Developing An Organizational Culture That Values Measurement
By Patti Phillips, Ph.D., President and CEO, ROI Institute
Measurement Culture & Five Common Traits of High-Performing Organizations
While organizational culture was once perceived as a vague concept, many executives are recognizing its importance. The position of chief culture officer (CCO), is held at a number of progressive organizations. The CCO’s primary duty is to focus on maintaining the core parts of the organizational culture that contribute to the company’s success.
While organizational culture is increasingly observed as a critical factor in success, the implications of measurement are also significant. To build a culture of measurement certain steps need to be taken.
High-performing cultures have been associated with strong financial outcomes; however, these cultures also have strong employee motivation and performance. Research has shown that there are specific cultural characteristics directly related to organization effectiveness and outcomes. High-performance organizations tend to have cultures that share five common traits.
- Empowering Style Leadership: Leaders communicate with respect and lead by example. Employees are empowered to use their judgment to make decisions and take action in their day-to-day jobs. Employees are not present to serve management or reinforce bureaucracy. Leadership is supportive of employees, with focus on helping to support employees so they can focus on caring for customers.
- Collaborative Environment: This type of environment is inclusive; employees have a sense of belonging, with everyone sharing the responsibilities of identifying problems and coming up with solutions. These types of organizations are highly participatory.
- Strong Core Values: Values of respect, loyalty, and integrity are embedded in leadership behaviors toward employees, and infuse the organization.
- Planning: Employees know what the long-term plans are for the company and how to get there. Strategy is well-defined and priorities are clear. Plans are clearly articulated and there are specific measures to assess a plan’s success. Employees know what is important for the organization and what is required to do their jobs effectively.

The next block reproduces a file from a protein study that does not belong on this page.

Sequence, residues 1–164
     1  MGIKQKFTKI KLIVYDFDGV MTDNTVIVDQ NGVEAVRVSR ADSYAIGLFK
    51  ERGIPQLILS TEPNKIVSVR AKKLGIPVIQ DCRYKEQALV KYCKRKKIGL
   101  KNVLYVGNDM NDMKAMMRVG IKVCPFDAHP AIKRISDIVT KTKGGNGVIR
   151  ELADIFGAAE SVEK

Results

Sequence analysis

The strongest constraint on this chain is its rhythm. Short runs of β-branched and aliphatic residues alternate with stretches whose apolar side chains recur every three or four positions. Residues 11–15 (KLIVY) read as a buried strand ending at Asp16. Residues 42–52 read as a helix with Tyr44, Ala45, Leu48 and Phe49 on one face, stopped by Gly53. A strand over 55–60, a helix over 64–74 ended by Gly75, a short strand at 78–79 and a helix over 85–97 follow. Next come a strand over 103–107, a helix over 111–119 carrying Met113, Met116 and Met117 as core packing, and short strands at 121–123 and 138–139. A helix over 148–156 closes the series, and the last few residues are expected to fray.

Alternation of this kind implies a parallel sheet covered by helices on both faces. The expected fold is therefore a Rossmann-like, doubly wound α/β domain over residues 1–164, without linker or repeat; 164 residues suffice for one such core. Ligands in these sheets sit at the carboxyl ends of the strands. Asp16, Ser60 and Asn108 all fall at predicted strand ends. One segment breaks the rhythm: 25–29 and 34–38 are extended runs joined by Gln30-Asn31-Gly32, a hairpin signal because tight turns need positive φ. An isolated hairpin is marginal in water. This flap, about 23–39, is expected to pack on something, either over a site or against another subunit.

- Measurement and Feedback: High-performing organizations not only plan and prioritize what is most important for the business, but also provide indicators and measures to know whether they are hitting the mark or not. Data-driven organizations is another way to describe this environment. Employees receive ongoing feedback so performance is collaboratively assessed as it relates to the business.
Organizational cultural characteristics play a pivotal role in organization effectiveness. Measurement and feedback is one of the components of a high-performing culture. There are many benefits for creating a measurement-oriented organization culture. The following are just a few at the top of the list:
- A measurement culture lays the foundation for organization learning. Information sharing is leveraged in the organization toward knowledge and growth. Data-driven organizations make this possible.
- A measurement culture provides the way for departments to track their progress. Managers have the ability to track progress toward department goals. What happens if the project that is implemented is a flop? Or if needs are not fully met? Tracking along the way allows for modifications if needed to move outcomes in a favorable direction.